Chapter Twenty-One – Hanging on to Love
Lindiwe Buthelezi tried to make sense of Pieter’s body language and emotions now that she had explained what she knew about the New South Africa. After all, he was still an apartheid era cop. Would he report her thoughts to his superiors and the apartheid regime onslaught against the blacks would be taken to new levels? Surely not, God help us!
Lindiwe had such strong feelings for Pieter that she was now feeling more like his equal in terms of age and understanding. Lindiwe Snr was at work in full force, rather than Lindiwe Jnr.
Of course, their conversations in the vehicle on the way back from Mbabane had been quite sensitive and revealing. Lindiwe felt that after their night together, the time was right to trust Pieter to the fullest.
Alright, Lindiwe, let’s define what ‘fullest’ means.
If ‘fullest’ was used in its true sense, does this mean that she (Lindiwe) can now trust Pieter in telling him how she really felt about him?
Lindiwe gulped. She could not get herself to do that or not yet anyway. What if Pieter rejected her? What if Pieter had only planned on using her as a one-night stand? Gogo Albertina’s words were ringing in her ears – Don’t trust the white man, my dear. They are not like black men at all.
Was her Gogo right? Was it right to stereotype all white people as being of the same mindset? For that matter, was it right for all whites to stereotype all black people as criminals? Lindiwe was quick to work out that it was the wicked apartheid system that was causing the hatred and distrust on both sides.
As long as apartheid was present in everyone’s lives, unity seemed far away. At least having been to the future, she knew that there was light at the end of the political tunnel for South Africa.
Meanwhile, Pieter was still trying to digest all that Lindiwe had told him about the New South Africa that she had witnessed first-hand. It really seemed to be quite far-fetched. I mean a black President! Blacks living next door to whites in the plush suburbs!
No, man, Erasmus, this girl must be slipping some serious pills while you are not looking. She cannot be alright in the head. The future simply cannot be Black and White together on an equal footing!
It is best to stick to the plan and eliminate Mandela and then you can take it from there!
Pieter’s mind was playing tricks on him. If what Lindiwe saw was all true, then what would happen to President PW Botha? Pieter was not to know that Botha would suffer a stroke in 1989 and his decision-making would become irrational causing him to lose the support of his Cabinet.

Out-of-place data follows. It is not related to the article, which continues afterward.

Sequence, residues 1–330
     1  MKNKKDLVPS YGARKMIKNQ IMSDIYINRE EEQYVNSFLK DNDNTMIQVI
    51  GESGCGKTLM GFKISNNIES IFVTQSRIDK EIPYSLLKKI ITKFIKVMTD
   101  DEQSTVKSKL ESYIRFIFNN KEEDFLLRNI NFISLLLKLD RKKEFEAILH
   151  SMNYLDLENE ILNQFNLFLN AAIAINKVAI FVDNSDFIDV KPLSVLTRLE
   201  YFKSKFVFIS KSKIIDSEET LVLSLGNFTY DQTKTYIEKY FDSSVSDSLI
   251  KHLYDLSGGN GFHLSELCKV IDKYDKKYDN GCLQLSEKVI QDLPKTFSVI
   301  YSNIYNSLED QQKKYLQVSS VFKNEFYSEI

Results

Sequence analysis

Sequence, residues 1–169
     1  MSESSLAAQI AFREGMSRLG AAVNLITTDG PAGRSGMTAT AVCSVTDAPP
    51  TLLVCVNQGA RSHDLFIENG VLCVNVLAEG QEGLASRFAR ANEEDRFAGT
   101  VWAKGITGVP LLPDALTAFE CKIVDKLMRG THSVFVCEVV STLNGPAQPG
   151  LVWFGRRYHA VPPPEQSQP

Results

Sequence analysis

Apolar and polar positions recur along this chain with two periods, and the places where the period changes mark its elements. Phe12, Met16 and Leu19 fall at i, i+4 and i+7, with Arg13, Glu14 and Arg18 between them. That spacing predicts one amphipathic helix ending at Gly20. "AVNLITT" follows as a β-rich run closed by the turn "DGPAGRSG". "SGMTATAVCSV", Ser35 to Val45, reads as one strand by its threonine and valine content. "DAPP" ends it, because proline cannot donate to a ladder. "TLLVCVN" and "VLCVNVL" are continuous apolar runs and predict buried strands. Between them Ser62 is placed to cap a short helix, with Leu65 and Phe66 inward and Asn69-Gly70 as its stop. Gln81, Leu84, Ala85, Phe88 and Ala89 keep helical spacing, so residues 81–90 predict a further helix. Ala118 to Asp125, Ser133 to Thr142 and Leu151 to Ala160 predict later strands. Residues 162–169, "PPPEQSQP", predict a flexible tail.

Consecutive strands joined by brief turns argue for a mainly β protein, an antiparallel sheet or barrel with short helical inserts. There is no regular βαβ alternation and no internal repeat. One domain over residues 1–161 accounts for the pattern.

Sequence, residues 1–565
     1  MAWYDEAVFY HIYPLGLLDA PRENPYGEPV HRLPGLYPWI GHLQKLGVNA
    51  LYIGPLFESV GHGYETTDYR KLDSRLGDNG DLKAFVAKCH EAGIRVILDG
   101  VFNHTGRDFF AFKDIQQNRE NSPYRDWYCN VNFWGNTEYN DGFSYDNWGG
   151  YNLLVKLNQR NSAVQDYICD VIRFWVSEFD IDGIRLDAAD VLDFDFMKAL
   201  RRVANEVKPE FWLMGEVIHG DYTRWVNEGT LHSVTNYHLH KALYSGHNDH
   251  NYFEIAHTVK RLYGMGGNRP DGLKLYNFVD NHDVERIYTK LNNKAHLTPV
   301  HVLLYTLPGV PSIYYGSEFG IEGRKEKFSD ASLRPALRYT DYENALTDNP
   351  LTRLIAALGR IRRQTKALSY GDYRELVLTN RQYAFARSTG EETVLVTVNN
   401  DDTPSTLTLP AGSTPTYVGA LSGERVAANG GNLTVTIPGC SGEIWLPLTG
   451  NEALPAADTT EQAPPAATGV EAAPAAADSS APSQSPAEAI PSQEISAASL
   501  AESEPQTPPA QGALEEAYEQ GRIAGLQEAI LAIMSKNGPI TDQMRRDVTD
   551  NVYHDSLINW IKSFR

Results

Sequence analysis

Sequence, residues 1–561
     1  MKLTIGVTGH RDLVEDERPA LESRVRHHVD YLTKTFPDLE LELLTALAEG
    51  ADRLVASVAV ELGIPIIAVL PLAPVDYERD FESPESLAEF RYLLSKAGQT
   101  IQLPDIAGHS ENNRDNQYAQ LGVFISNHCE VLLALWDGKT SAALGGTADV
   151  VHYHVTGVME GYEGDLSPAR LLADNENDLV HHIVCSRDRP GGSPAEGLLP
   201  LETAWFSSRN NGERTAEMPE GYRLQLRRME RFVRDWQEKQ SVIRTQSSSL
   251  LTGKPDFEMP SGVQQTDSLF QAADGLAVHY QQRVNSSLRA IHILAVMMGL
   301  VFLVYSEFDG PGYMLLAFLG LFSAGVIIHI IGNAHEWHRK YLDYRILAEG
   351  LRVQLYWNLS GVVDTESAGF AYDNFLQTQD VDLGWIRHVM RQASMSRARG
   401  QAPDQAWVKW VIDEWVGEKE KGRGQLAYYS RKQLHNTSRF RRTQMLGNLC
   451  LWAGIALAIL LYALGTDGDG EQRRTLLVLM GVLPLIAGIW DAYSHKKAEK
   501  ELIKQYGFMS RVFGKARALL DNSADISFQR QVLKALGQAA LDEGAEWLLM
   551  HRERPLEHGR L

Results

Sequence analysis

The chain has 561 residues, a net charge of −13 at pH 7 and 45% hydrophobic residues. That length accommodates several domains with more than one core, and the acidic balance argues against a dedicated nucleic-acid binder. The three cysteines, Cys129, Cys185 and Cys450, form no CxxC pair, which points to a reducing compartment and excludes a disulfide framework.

F.W. de Klerk would take over and would not waste much time to set up the closing of the book of apartheid to send South Africa on a new course in the eyes of those in the country and globally.
No, Eramus, it is not going to happen!
One can imagine how difficult it would have been for Pieter to comprehend. The far right wing, including the militant AWB, would hardly take too kindly to the Nationalist government unbanning the ANC and its affiliates, let along entering into power sharing talks to govern the country.
Then who was this Chris Hani fellow? Pieter had never heard the name before. Judging by Lindiwe’s views, Hani would be eliminated by a white man, but there seemed to be some school of thought that his own brothers may have had a hand in allowing the hit to happen. How? Perhaps by knowing of the potential hit and turning a blind eye to allow the white man to take the heat?
How was Pieter to know that on 7 September 1992, Hani would play a major role in being one of the leaders of 80 000 protestors to the Victoria Stadium in Bisho to demand that the Ciskei homeland be incorporated into the New South Africa? The Ciskei government were having none of it, as they were living good lives, as puppets to the apartheid regime. The Ciskei Defence Force would eventually grow frustrated and open fire on the marchers, killing twenty eight people. Two hundred marchers were wounded. Besides Hani, others involved in the march were future New South Africa leaders in President Cyril Ramaphosa, Sport Minister Steve Tshwete, and Intelligence Minister Ronnie Kasrils.
Lindiwe noticed the silence between the two persons in the police vehicle. Her worst fear was that the information that she divulged to Pieter, may have turned him away from her.
That is the last thing that she wanted to do. She needed the Lieutenant and he needed her. How she would have loved the bonding to go way beyond just needing each other for the sake of the New South Africa.
“Are you alright?” she asked.
“I am fine, it is just that I am finding it hard to believe that South Africa has the potential to change from a white country to a black one at the speed of light,” he said.
“I suppose it will happen if it is the will of God.”
Lindiwe remained silent. As much as she believed that the situation would change if it was a part of God’s plan, she also knew that the apartheid regime would try each and every trick to avoid relinquishing power to the leaders of the black majority.
Releasing Mandela from prison would be a small price to pay as the white supremists would play for time. What benefit, thought, would playing for time have for the current government? Where would their saviour come from? Right now, Lindiwe could only see one saviour being in a position to bring about a peaceful future for South Africa and that was Mandela. If someone executed him, goodness knows what would happen next. How, though, would the idea of a South Africa for all, be planted in the minds of the whites so that they would give up power out of their own free will?